Studying the social and economic ideas underpinning political debates offers a deeper understanding of policy decision-making and institutional change. According to a well-established tradition, policies “can be regarded as embodying ideas about society, the economy, the state, citizens and relations between these. They embody views about justice, equality and individual responsibility” (Alcock et. al. 2000: 184). With this in mind, we shall investigate Lady Juliet Rhys-Williams’ critical reflections on the Beveridge Report and the alternative proposal she presented in Something to Look Forward to (1943). In this book, she elaborated an integrated approach to social security and income tax aimed at providing “complete security to those classes, especially the independent workers, widows and spinsters, who are not adequately covered by the Beveridge scheme” (Rhys-Williams 1943: vii). At the very heart of her social vision was the idea of distributing a universal allowance (basic income system) to all British citizens (children included). The rationale underpinning Rhys-Williams’ basic income system was the recognition that the problem afflicting British society was the ill-distribution of wealth, that hindered economic growth and prevented the attainment of full employment.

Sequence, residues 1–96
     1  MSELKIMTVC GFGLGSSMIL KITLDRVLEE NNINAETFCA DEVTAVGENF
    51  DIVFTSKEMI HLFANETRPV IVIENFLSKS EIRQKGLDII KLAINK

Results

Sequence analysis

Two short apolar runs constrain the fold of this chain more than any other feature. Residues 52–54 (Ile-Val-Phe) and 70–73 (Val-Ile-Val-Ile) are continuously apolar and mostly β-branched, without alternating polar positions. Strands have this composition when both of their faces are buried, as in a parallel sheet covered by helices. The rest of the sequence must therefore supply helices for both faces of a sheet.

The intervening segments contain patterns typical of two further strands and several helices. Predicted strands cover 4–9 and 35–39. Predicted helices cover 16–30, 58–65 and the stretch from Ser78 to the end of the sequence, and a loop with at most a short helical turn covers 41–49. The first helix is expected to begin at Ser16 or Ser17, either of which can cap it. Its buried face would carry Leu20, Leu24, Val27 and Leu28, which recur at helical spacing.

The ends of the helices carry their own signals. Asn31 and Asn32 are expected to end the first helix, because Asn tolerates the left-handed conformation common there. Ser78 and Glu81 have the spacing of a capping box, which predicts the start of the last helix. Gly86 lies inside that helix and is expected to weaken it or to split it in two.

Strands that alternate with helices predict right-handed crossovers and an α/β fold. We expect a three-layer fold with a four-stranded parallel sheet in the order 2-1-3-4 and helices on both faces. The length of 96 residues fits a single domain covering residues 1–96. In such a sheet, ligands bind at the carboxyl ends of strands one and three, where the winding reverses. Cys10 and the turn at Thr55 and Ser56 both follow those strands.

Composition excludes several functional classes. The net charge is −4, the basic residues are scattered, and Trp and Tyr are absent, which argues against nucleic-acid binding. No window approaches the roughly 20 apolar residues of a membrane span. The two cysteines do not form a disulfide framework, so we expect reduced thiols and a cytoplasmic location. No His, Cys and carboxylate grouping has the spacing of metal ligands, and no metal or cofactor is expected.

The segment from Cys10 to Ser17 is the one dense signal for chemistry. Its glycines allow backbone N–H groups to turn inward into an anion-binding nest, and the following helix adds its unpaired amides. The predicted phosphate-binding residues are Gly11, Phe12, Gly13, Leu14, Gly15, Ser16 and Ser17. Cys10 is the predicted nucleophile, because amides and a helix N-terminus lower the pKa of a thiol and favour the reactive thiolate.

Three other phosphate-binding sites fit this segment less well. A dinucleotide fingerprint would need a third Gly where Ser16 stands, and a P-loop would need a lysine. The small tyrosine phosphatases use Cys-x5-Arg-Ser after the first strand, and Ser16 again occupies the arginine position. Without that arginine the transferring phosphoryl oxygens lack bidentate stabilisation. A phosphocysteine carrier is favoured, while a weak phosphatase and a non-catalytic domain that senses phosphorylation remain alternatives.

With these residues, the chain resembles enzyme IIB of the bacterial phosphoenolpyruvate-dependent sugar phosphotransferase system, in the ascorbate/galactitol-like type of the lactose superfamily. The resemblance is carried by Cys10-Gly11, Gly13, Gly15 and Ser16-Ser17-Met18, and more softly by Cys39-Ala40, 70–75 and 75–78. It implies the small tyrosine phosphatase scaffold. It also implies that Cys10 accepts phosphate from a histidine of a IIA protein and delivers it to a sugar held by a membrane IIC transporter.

- Universal Allowance